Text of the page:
Cubans set sail after 24-hour stop on AC

Friday, December 31st, 2010

Shortly after 2:00am on December 29th 2010, the San Pedro Police Department received information of a vessel that had washed ashore on the northern end of San Pedro near the Boca del Rio area. Police officers were quickly dispatched to the scene where upon arrival they discovered seven male individuals who had landed ashore in a roughly made wooden boat sealed with what appeared to be black tar. The vessel had a make shift diesel motor, adapted from what appeared to have been a vehicle engine and a sail attached to a wooden pole. Inside the boat were several gallon containers, one containing diesel, plus empty water bottles, clothes and a large antique compass.

The men were escorted to the San Pedro Police Station, where they received medical attention from Dr. Teresa Damera, who cleared them as being in good health. The men were later identified as; David Cruz, 24 year old; Yuriel Mendez, 25 years old; Jesus Garcia, 45 years old; Tendis Rodriguez, 27 years old; Pascual Mendez, 49 years old; Yendys Cruz, 27 years old and Herdius Cruz, 27 years old, all Cuban laborers. The group was reportedly shipwrecked and floated to shore.

The gentlemen were being housed at the police station, awaiting clearance from the Immigration Department.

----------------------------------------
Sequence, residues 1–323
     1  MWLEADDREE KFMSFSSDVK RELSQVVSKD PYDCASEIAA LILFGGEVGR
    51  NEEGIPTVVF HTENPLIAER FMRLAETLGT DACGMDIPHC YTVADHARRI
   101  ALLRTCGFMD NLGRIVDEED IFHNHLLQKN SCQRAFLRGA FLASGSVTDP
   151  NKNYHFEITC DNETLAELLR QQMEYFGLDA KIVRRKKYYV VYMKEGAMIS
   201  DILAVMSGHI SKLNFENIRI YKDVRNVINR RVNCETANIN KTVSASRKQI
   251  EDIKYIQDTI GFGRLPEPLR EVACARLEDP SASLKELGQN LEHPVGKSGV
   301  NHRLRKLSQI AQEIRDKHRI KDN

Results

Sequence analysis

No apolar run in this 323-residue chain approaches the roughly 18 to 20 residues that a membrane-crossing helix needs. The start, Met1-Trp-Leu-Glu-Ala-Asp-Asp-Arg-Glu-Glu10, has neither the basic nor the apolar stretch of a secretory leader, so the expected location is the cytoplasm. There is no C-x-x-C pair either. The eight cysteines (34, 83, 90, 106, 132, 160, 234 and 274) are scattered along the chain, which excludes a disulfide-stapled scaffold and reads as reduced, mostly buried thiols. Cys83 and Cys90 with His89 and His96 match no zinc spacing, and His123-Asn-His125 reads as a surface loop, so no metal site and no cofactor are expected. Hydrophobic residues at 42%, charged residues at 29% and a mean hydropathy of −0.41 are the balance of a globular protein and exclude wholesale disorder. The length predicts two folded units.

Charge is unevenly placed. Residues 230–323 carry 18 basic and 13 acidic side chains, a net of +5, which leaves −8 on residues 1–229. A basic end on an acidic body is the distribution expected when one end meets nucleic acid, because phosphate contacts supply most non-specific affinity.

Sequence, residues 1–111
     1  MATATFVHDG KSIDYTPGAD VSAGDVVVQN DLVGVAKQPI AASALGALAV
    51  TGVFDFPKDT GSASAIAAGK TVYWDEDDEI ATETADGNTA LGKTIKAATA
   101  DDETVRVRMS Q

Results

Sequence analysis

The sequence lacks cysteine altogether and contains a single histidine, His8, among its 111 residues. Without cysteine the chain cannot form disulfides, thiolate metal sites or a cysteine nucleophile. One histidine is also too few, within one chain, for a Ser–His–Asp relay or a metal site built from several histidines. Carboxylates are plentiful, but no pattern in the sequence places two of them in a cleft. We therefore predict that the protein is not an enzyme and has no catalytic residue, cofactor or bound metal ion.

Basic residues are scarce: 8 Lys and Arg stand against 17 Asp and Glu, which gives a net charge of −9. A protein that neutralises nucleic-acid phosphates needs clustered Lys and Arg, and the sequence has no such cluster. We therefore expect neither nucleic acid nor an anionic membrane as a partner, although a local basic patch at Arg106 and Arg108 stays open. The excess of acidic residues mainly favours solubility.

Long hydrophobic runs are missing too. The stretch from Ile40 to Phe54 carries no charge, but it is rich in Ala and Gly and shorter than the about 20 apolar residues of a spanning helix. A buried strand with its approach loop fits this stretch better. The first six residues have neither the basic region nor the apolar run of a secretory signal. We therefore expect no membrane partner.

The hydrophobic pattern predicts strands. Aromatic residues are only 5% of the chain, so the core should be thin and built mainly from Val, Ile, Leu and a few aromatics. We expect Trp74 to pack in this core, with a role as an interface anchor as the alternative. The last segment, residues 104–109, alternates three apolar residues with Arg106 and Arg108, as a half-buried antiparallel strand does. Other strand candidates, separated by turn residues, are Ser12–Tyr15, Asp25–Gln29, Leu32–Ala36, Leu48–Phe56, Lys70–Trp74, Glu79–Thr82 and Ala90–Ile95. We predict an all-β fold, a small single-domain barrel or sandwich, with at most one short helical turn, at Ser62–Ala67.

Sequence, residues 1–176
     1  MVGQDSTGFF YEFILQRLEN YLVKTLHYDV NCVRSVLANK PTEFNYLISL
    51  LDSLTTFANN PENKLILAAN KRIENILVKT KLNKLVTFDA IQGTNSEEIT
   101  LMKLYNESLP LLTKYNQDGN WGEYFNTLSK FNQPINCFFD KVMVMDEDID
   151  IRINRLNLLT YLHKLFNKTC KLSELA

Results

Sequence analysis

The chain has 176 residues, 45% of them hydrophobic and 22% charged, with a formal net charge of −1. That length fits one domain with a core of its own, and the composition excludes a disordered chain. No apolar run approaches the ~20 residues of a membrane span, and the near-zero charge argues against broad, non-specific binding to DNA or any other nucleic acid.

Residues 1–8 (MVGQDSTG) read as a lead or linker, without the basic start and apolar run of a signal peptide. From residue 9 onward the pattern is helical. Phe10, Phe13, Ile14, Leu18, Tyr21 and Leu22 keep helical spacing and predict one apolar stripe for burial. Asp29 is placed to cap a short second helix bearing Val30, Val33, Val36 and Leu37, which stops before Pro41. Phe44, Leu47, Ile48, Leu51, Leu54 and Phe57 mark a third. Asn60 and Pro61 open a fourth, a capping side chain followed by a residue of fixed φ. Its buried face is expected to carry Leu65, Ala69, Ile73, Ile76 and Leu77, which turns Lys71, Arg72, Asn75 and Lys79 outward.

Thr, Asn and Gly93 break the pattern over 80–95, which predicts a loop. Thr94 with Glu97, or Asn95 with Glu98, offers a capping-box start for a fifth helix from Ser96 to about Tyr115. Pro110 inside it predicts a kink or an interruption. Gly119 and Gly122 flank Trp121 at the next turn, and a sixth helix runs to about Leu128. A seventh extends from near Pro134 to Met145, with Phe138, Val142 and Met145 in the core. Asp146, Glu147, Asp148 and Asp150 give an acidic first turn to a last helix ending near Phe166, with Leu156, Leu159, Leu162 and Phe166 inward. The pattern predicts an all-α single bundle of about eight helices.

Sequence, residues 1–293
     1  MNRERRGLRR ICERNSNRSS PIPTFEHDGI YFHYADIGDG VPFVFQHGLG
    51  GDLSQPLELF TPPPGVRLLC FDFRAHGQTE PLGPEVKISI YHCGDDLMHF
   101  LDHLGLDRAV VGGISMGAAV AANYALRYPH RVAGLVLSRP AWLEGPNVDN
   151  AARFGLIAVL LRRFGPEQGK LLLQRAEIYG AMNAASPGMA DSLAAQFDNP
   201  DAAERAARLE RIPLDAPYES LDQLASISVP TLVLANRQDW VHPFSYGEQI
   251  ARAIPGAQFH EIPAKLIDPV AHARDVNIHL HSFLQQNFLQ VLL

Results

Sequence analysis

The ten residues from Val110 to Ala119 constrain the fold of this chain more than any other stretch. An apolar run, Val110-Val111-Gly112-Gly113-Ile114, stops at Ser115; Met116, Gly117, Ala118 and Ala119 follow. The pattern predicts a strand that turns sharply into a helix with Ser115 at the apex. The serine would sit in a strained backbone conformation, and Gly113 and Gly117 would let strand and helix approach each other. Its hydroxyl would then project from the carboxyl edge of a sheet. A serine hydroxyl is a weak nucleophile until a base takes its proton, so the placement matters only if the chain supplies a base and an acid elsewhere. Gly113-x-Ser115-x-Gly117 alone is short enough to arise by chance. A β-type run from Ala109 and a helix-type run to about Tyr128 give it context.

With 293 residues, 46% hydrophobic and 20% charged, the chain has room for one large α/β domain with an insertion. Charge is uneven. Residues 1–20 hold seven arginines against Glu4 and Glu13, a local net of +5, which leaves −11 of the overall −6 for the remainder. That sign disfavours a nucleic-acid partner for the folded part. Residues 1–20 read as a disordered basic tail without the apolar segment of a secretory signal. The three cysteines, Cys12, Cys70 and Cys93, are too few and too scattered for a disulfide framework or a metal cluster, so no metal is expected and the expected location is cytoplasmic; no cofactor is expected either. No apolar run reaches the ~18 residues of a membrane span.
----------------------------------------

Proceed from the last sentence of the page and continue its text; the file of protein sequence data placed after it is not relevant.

The Sun got word on Thursday December 30th that the Cuban nationals were allowed to continue their journey. Sgt. Dominguez of the San Pedro Police Department confirmed the release, and explained that it was as a result of directives from Belmopan.

Mr. Allen Whylie, CEO of the Ministry of Defense and Foreign Affairs further confirmed, “they were released on Humanitarian Grounds and were allowed to leave the country in their craft. Their craft which was damaged was repaired with assistance from individuals on the island. Belize was not their final destinations and the only reason why they were here was as a result of mechanical problems and issues with their vessel.”

Sources inform us that the stranded Cuban nationals were at sea for about 15 days, en route to Grand Cayman when they experienced difficulty at sea and eventually drifted to Belize.


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